Mackenzie said the British passed by Bristol Ferry without detection, but the Pigot ran aground and that set off Rebel signal guns which gave the alarm. The British were fired upon by a Guard of 40 men, but they overwhelmed the Rebels and advanced to burn a saw mill, a corn mill, 9 large boats and 15,000 ft. of plank. Advancing toward other mills they found Rebel resistance and they suffered two killed and 5 men wounded. At this point they went back to their boats.

Earlier in Durfee’s account he writes that by 1777 the citizens of Fall River proposed raising a guard to ward off the harassment from British troops. He sought the aid of General Sullivan and was given provisions for a guard of 20. They devised a warning system of night sentinels. In that early Sunday morning one of the guards discovered the British ship. He fired upon the boat and “this created an alarm and the whole neighborhood were soon in arms.” The British fired their cannons and fired grapeshot at the Americans. The enemy set fire to the Thomas Borden house and took Borden prisoner. They set fire to Borden’s gristmill and saw mill. The British set fire to some other buildings, but they retreated in a hurry and the citizens were able to save the buildings.

Both accounts are similar. Mackenzie mentions setting fire to boats and planks. In both cases the citizens of Fall River seem more on-guard than the communities of Bristol and Warren. The Fall River Rebels had a more organized guard system.

Note: If you want to learn more, you can visit Joseph Durfee’s house in Fall River. The Lafayette Durfee House is a house museum and is open to the public.

Resources:
Durfee, Joseph, Reminiscences of Col. Joseph Durfee : relating to the early history of Fall River and of Revolutionary scenes.,
[Fall River, Mass.? :s.n.,1834?]
Public Domain, Google-digitized.
Permanent URL 
https://hdl.handle.net/2027/hvd.32044019879204

Diary of Frederick Mackenzie, Vol. I

“Plan of the adjacent coast to the northern part of Rhode Island, to express the route of a body of troops under the command of Lieut Colonel Campbell of the 22d: Regiment to destroy the enemies batteaux, vessels, galley &c &c &c which was accomplished May 25th 1778 / laid down and drawn by Edwd Fage, lieutt. of artillery.”. https://quod.lib.umich.edu/w/wcl1ic/x-628/wcl000739. University of Michigan Library Digital Collections. Accessed November 09, 2022.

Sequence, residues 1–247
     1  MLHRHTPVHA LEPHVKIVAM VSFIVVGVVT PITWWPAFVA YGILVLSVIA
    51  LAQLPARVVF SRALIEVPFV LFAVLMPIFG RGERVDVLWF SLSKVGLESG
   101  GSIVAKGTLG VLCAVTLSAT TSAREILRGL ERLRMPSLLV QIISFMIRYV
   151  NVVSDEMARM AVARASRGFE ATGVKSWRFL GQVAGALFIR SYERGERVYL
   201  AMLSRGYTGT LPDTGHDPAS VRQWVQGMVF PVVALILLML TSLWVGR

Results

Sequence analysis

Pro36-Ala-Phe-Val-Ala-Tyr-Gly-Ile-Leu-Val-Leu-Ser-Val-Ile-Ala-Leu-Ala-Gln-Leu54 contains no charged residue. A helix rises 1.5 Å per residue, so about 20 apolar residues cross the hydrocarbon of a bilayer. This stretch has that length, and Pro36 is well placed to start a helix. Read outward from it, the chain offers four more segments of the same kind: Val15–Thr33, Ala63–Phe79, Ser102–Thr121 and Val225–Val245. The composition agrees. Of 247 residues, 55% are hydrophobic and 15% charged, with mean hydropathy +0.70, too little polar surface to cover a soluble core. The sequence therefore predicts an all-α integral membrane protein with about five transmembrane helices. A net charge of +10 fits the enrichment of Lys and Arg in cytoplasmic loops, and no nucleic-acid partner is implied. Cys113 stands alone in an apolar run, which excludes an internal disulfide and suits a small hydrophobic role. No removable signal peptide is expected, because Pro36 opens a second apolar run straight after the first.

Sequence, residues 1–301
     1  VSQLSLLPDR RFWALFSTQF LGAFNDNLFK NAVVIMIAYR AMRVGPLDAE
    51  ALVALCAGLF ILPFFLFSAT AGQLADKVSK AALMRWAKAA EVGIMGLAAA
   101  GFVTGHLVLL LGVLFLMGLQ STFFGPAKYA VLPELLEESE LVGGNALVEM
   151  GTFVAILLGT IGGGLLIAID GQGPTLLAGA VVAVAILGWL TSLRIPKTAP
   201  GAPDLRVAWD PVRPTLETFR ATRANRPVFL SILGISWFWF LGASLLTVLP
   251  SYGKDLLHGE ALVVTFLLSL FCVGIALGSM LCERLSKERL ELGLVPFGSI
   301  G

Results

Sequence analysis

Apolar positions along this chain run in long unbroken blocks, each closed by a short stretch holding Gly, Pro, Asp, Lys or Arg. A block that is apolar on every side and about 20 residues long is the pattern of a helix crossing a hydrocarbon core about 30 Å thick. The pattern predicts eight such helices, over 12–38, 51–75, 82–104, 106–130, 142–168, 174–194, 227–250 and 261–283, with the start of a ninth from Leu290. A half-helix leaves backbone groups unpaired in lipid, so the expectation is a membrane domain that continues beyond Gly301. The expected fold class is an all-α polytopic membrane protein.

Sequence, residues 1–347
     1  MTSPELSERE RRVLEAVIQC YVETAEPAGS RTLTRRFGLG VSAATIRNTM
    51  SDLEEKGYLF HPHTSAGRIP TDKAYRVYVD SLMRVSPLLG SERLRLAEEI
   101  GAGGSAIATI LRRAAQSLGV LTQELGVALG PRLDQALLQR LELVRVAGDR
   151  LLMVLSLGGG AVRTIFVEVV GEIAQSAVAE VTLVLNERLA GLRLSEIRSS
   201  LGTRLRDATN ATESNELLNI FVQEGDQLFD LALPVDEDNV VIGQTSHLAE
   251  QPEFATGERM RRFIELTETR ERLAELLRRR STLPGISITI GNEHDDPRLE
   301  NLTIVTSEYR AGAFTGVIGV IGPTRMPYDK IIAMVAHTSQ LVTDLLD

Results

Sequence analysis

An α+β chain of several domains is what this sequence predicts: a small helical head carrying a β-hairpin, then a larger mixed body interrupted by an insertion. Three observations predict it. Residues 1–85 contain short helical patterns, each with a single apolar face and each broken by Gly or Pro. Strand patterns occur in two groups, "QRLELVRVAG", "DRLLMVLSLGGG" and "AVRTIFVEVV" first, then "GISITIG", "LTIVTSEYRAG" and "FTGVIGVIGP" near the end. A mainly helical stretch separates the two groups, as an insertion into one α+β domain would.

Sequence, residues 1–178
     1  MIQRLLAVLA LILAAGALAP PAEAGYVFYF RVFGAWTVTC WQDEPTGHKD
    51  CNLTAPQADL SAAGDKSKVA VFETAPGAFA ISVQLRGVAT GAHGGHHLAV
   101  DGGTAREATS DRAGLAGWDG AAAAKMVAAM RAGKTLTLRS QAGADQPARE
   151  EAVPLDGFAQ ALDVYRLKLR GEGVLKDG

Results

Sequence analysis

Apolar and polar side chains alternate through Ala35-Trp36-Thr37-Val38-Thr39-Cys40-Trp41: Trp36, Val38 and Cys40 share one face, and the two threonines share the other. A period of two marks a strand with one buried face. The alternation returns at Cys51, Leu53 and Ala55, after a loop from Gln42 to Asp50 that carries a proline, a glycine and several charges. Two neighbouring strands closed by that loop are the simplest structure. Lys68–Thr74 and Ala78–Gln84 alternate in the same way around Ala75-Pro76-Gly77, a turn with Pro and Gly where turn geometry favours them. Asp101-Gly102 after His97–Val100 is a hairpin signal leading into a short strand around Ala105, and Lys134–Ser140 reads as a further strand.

Prelude to Battle: Campbell’s Raids in Warren and Bristol

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As the American forces were preparing for an attack on Aquidneck Island in Spring of 1778, the British forces were active in trying to crush the Rebel capability to transport troop across the river from Tiverton. British soldier Frederick Mackenzie’s diary shows that they were well aware of the impending invasion.

May 19, “The intelligence received from all quarters agree in stating that an attack on this Island is intended, and will probably be soon attempted.”

May 22, “The Rebels are certainly preparing for an attack on this Island; and the General having intelligence of the situation of their boats, is making arrangement for the destruction of them.”

The Rebels would need to reach Rhode Island (Aquidneck) by boat and the British planned to attack shipyards, lumber mills and military stores. On May 25, 1778, Mackenzie records that the 22nd Regiment, Companies of the 54th, Notenius’s Company of Hessian Chasseurs, ..etc. (500 men in total) moved to Arnold’s Point in Portsmouth. They embarked in flatboats and landed at the mouth of the Warren River. Campbell’s men were divided into two columns. In the town of Warren itself they burned down the Baptist meeting house and other buildings, ransacked homes and property. The other group of Campbell’s men headed to the Kickemuit River. By the Kikemuit Bridge they found and burned 125 boats, large batteaux capable of carrying 40 soldiers. They found a sloop loaded with military stores, a store house, and a corn mill and they burned them. They also burned houses, a bridge and gun carriages. They spiked cannons and set fire to new Privateer Sloop as well as magazines of gun powder.

Campbells troops returned by way of Bristol. About 300 Rebels were assembled behind walls, trees and houses. They burned houses, a church, ammunition magazines and twenty of the principal houses. The British boats came round from Papasquash Point to the Bristol Ferry. The British ships Flora and Pigot covered the British troops as they crossed over from Bristol Ferry.

Mackenzie writes: “69 Rebel prisoners were brought over from Bristol to Windmill Hill” (Butts Hill Fort).

Having raided Warren and Bristol and destroying American flatboats, Campbell’s forces made their way back to Newport on their own flatboats.

The raids certainly delayed the American troops as they prepared for the Rhode Island Campaign.

The next blog will cover the British Raid at Fall River.

Resources:

Diary of Frederick Mackenzie, Vol. 1

Map: “Plan of the adjacent coast to the northern part of Rhode Island, to express the route of a body of troops under the command of Lieut Colonel Campbell of the 22d: Regiment to destroy the enemies batteaux, vessels, galley &c &c &c which was accomplished May 25th 1778 / laid down and drawn by Edwd Fage, lieutt. of artillery.”. https://quod.lib.umich.edu/w/wcl1ic/x-628/wcl000739. University of Michigan Library Digital Collections. Accessed November 09, 2022.